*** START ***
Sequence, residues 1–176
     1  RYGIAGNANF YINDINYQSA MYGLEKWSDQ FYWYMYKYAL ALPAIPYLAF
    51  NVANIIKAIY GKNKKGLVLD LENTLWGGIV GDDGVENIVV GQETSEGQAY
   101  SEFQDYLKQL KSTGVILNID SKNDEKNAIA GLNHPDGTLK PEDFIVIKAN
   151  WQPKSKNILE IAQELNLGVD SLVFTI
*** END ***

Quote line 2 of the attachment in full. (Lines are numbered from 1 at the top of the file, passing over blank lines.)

     1  RYGIAGNANF YINDINYQSA MYGLEKWSDQ FYWYMYKYAL ALPAIPYLAF